LEBOR GABALA ERENN
THE BOOK OF THE TAKING OF IRELAND

Third Redaction
Book of Ballymote & Book of Lecan
[ ] = glossarial matter in text



SECTION IV
PARTHOLON



208. Now Ireland was waste after the Flood for a space of three hundred and eleven years, [or perhaps one thousand and two years as others say] till Partholon reached it — [and that is more correct. For Abraham had sixty years complete when Partholon took Ireland; that is, it was nine hundred forty and two years from Abraham back to the Flood. Abraham's sixty years, along with the forty, make one hundred. The hundred, along with the nine hundred, make one thousand, and there are two extra years : so that there were a thousand and two years from the Flood to the coming of Partholon to Ireland.] Moreover there were two thousand six hundred and eight years from the beginning of the world to the coming of Partholon into Ireland.

Two thousand six hundred years, lacking two years, from Adam to Abraham.

209. Partholon s. Sera s. Sru s. Esru s. Baath s. Rifath Scot from whom are the Scots.

Or Partholon s. Sera s. Sru s. Esru s. Brament s. Eochu s. Magog s. Japhet s. Noe.

He came thereafter out of Mygdonia, that is, out of Graecia Parva.

He had a voyage of a month to Aladacia. A voyage of nine days had he from Aladacia to Gothia. A voyage of another month had he from Gothia to Spain. A voyage of nine days had he from Spain to Ireland. On a Tuesday he reached Ireland, upon the seventeenth of the moon, on the kalends of May.

Or on the fourteenth, ut dicitur

On the fourteenth, a Tuesday,
they parted from their free ship :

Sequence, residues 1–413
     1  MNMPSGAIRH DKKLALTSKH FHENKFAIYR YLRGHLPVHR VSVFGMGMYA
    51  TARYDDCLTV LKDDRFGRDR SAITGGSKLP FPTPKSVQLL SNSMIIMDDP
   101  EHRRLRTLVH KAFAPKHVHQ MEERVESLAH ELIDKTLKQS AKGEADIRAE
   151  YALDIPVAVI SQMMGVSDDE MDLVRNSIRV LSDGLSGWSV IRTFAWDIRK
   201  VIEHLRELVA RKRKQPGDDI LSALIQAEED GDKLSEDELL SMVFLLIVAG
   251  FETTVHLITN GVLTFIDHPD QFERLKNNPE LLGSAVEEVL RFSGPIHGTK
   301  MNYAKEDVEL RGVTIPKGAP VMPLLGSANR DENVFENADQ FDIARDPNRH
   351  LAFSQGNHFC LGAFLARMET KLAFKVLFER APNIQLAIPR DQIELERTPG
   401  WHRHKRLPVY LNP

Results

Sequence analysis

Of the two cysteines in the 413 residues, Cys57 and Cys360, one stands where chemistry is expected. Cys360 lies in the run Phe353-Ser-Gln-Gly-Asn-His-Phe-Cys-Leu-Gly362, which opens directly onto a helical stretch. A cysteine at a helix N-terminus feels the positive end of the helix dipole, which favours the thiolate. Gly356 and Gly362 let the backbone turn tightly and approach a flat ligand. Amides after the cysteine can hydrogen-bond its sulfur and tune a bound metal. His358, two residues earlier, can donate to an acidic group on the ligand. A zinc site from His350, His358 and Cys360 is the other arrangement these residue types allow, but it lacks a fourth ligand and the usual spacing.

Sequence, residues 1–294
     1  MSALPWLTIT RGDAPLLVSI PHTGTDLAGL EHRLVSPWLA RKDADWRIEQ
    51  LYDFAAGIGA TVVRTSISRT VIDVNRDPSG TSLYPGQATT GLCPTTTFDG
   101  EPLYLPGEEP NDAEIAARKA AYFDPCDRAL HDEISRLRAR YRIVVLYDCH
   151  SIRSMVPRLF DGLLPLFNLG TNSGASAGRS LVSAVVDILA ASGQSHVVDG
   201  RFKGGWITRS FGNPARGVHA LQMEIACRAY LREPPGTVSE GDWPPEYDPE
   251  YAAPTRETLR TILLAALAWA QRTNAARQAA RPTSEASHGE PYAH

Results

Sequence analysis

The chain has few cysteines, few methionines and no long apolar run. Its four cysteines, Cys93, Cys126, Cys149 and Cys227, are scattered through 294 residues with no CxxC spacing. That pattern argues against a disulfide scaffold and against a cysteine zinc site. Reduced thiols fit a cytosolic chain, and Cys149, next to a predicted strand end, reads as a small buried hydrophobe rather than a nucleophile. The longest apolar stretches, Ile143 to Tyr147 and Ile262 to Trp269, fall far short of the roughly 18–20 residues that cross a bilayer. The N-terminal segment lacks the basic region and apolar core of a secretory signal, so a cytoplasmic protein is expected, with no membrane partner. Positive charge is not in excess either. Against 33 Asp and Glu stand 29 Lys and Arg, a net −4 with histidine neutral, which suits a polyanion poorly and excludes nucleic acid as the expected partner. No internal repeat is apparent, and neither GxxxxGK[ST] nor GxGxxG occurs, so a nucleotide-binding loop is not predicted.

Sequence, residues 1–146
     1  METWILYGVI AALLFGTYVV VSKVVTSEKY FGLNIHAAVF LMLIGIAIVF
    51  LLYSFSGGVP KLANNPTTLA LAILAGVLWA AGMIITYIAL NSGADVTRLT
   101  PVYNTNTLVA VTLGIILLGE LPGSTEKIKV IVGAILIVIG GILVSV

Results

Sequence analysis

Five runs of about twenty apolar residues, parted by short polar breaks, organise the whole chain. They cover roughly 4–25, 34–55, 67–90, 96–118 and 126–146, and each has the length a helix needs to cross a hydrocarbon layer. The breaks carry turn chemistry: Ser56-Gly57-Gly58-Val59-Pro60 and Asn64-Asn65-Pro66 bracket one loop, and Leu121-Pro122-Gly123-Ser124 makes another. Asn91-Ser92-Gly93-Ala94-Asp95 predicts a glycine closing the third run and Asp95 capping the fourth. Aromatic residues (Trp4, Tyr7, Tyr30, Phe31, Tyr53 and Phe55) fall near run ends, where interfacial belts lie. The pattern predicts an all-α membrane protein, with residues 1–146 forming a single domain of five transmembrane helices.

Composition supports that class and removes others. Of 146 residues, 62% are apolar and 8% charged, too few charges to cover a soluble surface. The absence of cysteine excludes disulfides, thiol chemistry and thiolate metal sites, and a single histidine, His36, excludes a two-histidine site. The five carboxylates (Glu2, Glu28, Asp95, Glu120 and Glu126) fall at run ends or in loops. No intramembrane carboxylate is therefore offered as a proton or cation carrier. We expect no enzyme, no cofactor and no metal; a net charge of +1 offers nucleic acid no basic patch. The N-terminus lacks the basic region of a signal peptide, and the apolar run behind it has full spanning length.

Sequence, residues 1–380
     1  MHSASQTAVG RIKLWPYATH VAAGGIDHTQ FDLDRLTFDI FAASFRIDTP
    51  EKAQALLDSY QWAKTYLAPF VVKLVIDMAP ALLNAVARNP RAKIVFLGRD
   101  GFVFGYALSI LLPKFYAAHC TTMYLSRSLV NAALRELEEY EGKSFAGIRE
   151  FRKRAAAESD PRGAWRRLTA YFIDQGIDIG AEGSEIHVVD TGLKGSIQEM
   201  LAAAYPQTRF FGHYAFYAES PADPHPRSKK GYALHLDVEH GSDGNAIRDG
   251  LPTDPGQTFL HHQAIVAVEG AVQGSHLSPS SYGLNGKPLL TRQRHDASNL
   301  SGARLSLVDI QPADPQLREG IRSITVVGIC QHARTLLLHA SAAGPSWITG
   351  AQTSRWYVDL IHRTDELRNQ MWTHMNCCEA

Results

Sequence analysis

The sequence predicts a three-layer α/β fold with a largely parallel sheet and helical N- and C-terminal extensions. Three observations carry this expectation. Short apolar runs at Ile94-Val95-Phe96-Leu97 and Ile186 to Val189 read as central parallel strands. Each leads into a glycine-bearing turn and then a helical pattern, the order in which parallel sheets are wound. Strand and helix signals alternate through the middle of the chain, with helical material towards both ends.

in the clear-landed blue brilliant harbour,
in shield-bright Inber Scene.

 

M

Or, further, it is on the sixteenth of the age of the moon in the month of May that Partholon took Ireland, and in the fifth unit of the moon of the same month that Cessair took Ireland; wherefore the following was said —

On the fifth without deceit
Cessair reached Ireland;
on the sixteenth without sorrow
Partholon took it in a harbour.

210. Eight persons were his tally, four men and four women,

or ten persons, ut alii dicunt

I shall indicate to you well, according to truth,
the tally that there was in that ship —
a free octad, no false lineage,
and two men unfree, without beauty.


to wit Partholon and his three sons, namely Rudraige and Slanga and Laiglinde, the three sons of Partholon,

from whom are [named] Loch Laiglinde in Ui mac Uais Breg, Sliab Slanga from Slanga, and Loch Rudraige from Rudraige. It is there that Rudraige was buried; when his grave was dug and he was buried, it is there that the lake burst over the land at that time.

B

And Ita was their hireling; or Toba was his other name, Here are the names of the women of Partholon, ut dicitur —

M

Further, Ith was the name of the hireling whom he had, and from him is Mag Itha, for it is he who cleared it. Toba was another name for him.

 

Or Toba was one of the two hirelings whom Partholon had, and that is correct; for it is Toba who slept with the wife of Partholon some time after- ward, [for Toba was a name of Partholon himself]. Here are the women of Partholon : Elgnat wife of Partholon, Nerbgene the wife of Rudraige, Aife the wife of Laiglinde, from whom is Mag Aife in Osraige, and Cichban the wife of Slanga, from whom is Inber Cichmuine, and Crebnad the wife of Ith, the serf. Learned men reckon that Aife was daughter to Partholon himself. So that of the names of those women the poet said,

The five women of Partholon son of Sera Aifi, Elgnad,